The executive chair at the Rockefeller Neuroscience Institute at West Virginia University shed light on early data from a small sample of patients with early Alzheimer disease who underwent focused ultrasound treatment. [WATCH TIME: 5 minutes]
WATCH TIME: 5 minutes
“The study is looking at the first 10 subjects who underwent this procedure. We demonstrated that we can safely, reversibly, and on-demand open the blood-brain barrier with focused ultrasound in mild Alzheimer's patients in all target regions—hippocampus, frontal lobes, and parietal lobes.”
Safely opening the blood-brain barrier (BBB) in patients with Alzheimer disease (AD) may be vital in delivering immunotherapy and other therapeutics to targeted areas in the brain. Utilizing MRI-guided focused ultrasound (FUS) is 1 technological avenue that shows promise in opening the BBB, as well as reducing amyloid-ß in targeted regions.
In conversation with NeurologyLive®, Ali Rezai, MD, executive chair, Rockefeller Neuroscience Institute, West Virginia University (WVU), discussed early, encouraging data from a study evaluating the safety and efficacy of FUS technology in patients with mild AD. Rezai, who is the lead author, as well as vice president of neuroscience, associate dean, and John D. Rockefeller IV tenured professor in neuroscience at WVU, presented data from 10 patients at the 14th Clinical Trials on Alzheimer’s Disease Conference (CTAD), November 9-12, 2021.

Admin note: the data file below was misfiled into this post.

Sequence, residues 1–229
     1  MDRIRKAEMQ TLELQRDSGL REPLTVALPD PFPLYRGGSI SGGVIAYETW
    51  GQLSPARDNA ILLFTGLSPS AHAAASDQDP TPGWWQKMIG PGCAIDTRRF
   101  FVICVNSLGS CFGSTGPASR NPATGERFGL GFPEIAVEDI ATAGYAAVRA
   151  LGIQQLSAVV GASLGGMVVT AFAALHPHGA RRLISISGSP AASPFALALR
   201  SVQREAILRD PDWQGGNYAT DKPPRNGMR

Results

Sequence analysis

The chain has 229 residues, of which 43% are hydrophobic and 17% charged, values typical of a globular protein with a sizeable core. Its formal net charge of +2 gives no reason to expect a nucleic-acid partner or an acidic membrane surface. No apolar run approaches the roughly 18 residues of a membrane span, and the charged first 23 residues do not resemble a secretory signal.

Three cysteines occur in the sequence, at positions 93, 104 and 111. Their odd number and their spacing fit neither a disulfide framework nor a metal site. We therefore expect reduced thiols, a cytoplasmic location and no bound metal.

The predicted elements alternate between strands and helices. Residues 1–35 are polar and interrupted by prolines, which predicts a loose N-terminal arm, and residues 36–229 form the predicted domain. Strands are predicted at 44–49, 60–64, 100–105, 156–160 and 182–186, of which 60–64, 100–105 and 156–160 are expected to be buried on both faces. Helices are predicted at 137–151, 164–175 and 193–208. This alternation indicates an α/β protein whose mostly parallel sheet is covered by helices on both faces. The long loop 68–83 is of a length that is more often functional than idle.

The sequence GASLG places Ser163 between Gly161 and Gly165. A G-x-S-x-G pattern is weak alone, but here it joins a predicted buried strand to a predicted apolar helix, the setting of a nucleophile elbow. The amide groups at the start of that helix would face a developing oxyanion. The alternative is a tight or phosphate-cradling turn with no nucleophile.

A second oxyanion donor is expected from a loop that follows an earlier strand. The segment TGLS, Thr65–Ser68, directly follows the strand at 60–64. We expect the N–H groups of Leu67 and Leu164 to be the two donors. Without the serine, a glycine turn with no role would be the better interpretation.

Investigators found that FUS could safely and reversibly open the BBB with FUS with no imaging adverse events. Looking at Alzheimer’s Disease Assessment Scale-Cognitive Subscale and Mini-Mental State Exam scores longitudinally at 6 months and 1 year, there was no evidence of significant cognitive or behavioral worsening in the treatment croup, when compared to an age- and sex-matched cohort form the Alzheimer’s Disease Neuroimaging Initiative.
Using a focal PET analysis, investigators further demonstrated a 13% reduction in amyloid-ß in the hippocampus, 13% reduction in the parietal region, and 7% reduction in the frontal lobes. Rezai noted the analysis was limited, calling for more participants and a larger group analysis to better determine efficacy.
For more coverage of CTAD 2021, click here.